Atlanta church once led by MLK hosts civil rights pioneer John Lewis' funeral

Mike Dougherty
July 30, 2020 - 10:29 am
President Barack Obama honors U.S. Rep. John Lewis with Medal of Freedom

PHILADELPHIA (KYW Newsradio) — Longtime congressman and civil rights icon John Lewis will be laid to rest today after a funeral at the legendary church where Martin Luther King Jr. used to deliver sermons. Lewis died July 17 at age 80.

Former President Barack Obama will deliver his eulogy at Ebenezer Baptist Church in Atlanta. Former presidents George W. Bush and Bill Clinton are expected to attend as well. Donald Trump says he won’t be there.

"He was my hero," Ebenezer's senior pastor, the Rev. Raphael Warnock, said in an interview late Wednesday. "He laid it all on the line, at the risk of life and limb."

"He read the Gospel, and he actually believed it — love your enemies," added Warnock, who will officiate the funeral.

Georgia Gov. Brian Kemp says, no matter where you go, everyone knows the name John Lewis.

“And more importantly, they know his record of speaking up, standing out and shaking up the status quo," Kemp said.


Lewis made a name for himself by getting into what he called "good trouble."

He discovered King's sermons while scanning the radio dial as a 15-year-old boy growing up in then-segregated Alabama. 

King continued to inspire Lewis' civil rights work for the next 65 years as he fought segregation during sometimes bloody marches, Greyhound bus "Freedom Rides" across the South and later during his long tenure in the U.S. Congress.

King was "the person who, more than any other, continued to influence my life, who made me who I was," Lewis wrote in his 1998 autobiography, "Walking with the Wind."

Congressman John Lewis poses in his Atlanta office with two of his favorite items from his collection of memorabilia from his younger days as a civil rights activist in the 1960s.
Kimberly Smith/Atlanta Journal-Constitution via AP

By the summer of 1963, Lewis was addressing thousands of people during the March on Washington, speaking shortly before King gave his "I Have a Dream" speech. He spoke then about Black people beaten by police and jailed — themes that resonate vividly in today's times.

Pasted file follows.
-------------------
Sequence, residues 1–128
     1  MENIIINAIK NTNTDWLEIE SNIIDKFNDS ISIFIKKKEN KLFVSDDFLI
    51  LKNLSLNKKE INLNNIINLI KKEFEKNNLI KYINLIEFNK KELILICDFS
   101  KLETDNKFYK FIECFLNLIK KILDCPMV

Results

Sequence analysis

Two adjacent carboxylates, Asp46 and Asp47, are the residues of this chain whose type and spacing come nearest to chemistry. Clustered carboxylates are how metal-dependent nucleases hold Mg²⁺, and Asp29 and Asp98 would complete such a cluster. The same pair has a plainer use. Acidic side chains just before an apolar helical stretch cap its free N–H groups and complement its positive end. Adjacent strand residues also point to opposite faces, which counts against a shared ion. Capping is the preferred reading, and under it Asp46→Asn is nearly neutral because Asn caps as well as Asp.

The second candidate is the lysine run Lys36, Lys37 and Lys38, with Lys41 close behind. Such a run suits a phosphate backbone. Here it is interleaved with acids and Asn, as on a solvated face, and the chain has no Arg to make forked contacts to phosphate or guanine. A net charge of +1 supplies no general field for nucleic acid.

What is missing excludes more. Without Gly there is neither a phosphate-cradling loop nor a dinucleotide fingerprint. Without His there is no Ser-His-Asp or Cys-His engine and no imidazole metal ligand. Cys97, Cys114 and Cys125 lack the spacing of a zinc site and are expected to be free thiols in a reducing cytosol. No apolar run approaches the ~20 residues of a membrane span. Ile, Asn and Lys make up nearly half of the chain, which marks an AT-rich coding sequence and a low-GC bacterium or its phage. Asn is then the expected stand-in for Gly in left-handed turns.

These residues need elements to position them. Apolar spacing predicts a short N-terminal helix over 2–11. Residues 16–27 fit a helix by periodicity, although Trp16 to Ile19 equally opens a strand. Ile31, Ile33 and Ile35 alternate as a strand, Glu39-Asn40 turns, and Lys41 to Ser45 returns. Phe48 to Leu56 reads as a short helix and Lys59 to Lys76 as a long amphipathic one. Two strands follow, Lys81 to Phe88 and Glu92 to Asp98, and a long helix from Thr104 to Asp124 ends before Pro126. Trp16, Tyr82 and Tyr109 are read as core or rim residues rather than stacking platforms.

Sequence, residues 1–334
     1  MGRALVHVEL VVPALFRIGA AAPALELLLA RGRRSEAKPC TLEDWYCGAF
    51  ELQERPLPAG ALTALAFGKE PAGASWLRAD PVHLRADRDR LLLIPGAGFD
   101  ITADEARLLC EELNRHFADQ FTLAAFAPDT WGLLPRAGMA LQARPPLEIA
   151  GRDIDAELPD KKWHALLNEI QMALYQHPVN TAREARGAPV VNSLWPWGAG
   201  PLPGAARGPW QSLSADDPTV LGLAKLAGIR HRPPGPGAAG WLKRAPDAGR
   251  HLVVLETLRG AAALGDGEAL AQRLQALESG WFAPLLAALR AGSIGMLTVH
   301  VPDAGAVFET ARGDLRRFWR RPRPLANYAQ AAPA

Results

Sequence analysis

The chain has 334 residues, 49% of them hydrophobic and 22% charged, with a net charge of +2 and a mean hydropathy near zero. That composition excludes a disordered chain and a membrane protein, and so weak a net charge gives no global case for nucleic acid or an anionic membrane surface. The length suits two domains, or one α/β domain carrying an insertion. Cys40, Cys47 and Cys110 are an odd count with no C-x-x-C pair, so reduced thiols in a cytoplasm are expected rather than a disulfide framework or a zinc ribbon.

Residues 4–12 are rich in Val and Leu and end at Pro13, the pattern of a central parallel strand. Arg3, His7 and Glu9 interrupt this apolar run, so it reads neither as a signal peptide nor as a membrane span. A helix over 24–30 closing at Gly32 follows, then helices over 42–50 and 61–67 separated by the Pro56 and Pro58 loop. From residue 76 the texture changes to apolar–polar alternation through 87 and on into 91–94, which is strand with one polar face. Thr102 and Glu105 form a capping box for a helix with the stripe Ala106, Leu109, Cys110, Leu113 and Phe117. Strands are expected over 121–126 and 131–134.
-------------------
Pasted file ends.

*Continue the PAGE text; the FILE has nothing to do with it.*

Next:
"My friends, let us not forget that we are involved in a serious social revolution," Lewis told the huge crowd on the Washington Mall.

"To those who have said, 'Be patient and wait,' we have long said that we cannot be patient," he added. "We do not want our freedom gradually, but we want to be free now! We are tired. We are tired of being beaten by policemen. We are tired of seeing our people locked up in jail over and over again."

In 1965, Lewis was beaten by Alabama state troopers in the city of Selma in what became known as "Bloody Sunday."

Atlanta Mayor Keisha Bottoms says he laid the ground work for her and other African American political leaders, and she will carry on his legacy.

“And so, governor, when the 'good trouble' continues, know it was with the blessing of congressman Lewis," he said, addressing Kemp. 

A military honor guard moves the casket of Rep. John Lewis into Ebenezer Baptist Church for his funeral, Thursday, July 30, 2020, in Atlanta.
Brynn Anderson/AP Photo

Last Sunday, his casket was carried across the Edmund Pettus Bridge in Selma. The wagon rolled over a carpet of rose petals on the bridge that spans the Alabama River. On the south side of the bridge, where Lewis was attacked by the law officers, family members placed red roses that the carriage rolled over, marking the spot where Lewis spilled his blood and suffered a head injury.

Lewis was later awarded the Medal of Freedom by the nation's first Black president in 2011.

He spent more than three decades in Congress, and his district included most of Atlanta.

Lewis is the first Black lawmaker to lie in state at the capital rotunda.


The Associated Press contributed to this report.